Obama Seeks to Mend Fences With Congressional Black Caucus

The president will meet with key electoral constituency.

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President Obama's scheduled meeting with African-American members of Congress Tuesday is designed to reconnect him with leaders of one of his most important constituencies.

Obama, the first African-American president, plans to discuss the economy, jobs, voting rights, implementation of the Affordable Care Act, immigration and other issues important to the black community and the nation, a White House spokesman said.

It will be the first meeting between Obama and the black caucus since the Supreme Court last month voided a key provision of the voting rights law, which upset many black members of Congress.

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In fact, it will be the first meeting between the president and the entire Congressional Black Caucus since May 2011.

President Barack Obama and Vice President Joe Biden leave the State Dining Room of the White House in Washington, Monday, July 8, 2013, after the president outlined his vision for better government services delivered at lower taxpayer expense.
President Barack Obama and Vice President Joe Biden leave the State Dining Room of the White House in Washington, Monday, July 8, 2013, after the president outlined his vision for better government services delivered at lower taxpayer expense.

All 43 members of the black caucus are expected to attend.

Obama enjoys stratospheric support among African-American voters, who backed him overwhelmingly in the 2008 and 2012 presidential elections. But he has faced criticism from some black leaders and activists who argue that he hasn't done enough to help African-Americans weather economic hard times and overcome lingering prejudice in American society.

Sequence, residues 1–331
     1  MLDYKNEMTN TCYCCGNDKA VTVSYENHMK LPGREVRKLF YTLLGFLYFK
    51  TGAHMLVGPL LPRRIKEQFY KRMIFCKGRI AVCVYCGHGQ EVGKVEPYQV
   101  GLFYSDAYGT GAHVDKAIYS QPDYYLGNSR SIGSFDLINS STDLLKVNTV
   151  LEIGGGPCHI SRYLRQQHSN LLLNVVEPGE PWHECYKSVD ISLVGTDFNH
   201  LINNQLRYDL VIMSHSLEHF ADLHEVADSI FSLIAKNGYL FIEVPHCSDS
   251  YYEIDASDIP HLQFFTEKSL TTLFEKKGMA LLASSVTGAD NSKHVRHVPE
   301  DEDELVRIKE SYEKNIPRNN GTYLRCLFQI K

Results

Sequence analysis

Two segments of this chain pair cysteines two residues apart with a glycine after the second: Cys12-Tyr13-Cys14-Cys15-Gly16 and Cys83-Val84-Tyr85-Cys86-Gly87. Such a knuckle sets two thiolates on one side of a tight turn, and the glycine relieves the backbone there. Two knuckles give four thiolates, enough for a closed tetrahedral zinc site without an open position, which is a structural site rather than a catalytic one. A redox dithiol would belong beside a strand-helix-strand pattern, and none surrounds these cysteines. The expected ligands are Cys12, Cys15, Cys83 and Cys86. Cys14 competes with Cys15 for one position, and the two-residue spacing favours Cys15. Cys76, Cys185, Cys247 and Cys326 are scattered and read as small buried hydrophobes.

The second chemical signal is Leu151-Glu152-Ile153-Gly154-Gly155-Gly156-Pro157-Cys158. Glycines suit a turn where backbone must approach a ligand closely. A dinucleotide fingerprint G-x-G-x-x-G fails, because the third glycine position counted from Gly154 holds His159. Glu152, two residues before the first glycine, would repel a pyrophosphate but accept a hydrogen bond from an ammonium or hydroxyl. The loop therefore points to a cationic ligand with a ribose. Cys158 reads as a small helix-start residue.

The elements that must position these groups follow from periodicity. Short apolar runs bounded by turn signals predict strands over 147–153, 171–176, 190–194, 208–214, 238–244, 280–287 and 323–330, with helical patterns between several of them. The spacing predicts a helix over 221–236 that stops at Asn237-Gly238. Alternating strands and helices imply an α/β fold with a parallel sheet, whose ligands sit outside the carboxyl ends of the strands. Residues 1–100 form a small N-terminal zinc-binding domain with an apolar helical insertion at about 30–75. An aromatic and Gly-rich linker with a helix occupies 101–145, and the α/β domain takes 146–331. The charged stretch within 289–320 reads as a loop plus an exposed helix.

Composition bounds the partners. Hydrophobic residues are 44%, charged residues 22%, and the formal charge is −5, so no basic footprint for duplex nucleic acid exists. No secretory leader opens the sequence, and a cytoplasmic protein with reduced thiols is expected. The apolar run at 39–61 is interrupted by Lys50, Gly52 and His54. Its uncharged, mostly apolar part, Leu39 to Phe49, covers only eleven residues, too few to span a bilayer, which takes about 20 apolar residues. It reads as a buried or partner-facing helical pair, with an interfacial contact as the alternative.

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Obama has resisted calls to formulate an agenda specifically for the black community, saying his overall agenda is designed to benefit everyone. But senior White House adviser Valerie Jarrett told black journalists earlier this year: "If you look at the president's record in the first four years, if you look at his major domestic policy accomplishments, they disproportionately do benefit the African-American community."

The Florida Courier also reported that Jarrett said, "If you look at the Affordable Care Act, roughly 9 million African-Americans uninsured will have health insurance today. If you look at the president's Recovery Act and subsequent budgets...If you went through the menu of tax incentives and unemployment [benefits] that disproportionately benefit the African-American community time and time again. I think unemployment insurance has been extended like nine times; every single time we had to fight the Republicans to get that done."

 

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  • Ken Walsh covers the White House and politics for U.S. News. He writes the daily blog "Ken Walsh's Washington" for usnews.com and "The Presidency" column for the U.S. News Weekly. He is the author of the new book "Prisoners of the White House: The Isolation of America's Presidents and the Crisis of Leadership." Ken Walsh can be reached at kwalsh@usnews.com and on Facebook and Twitter.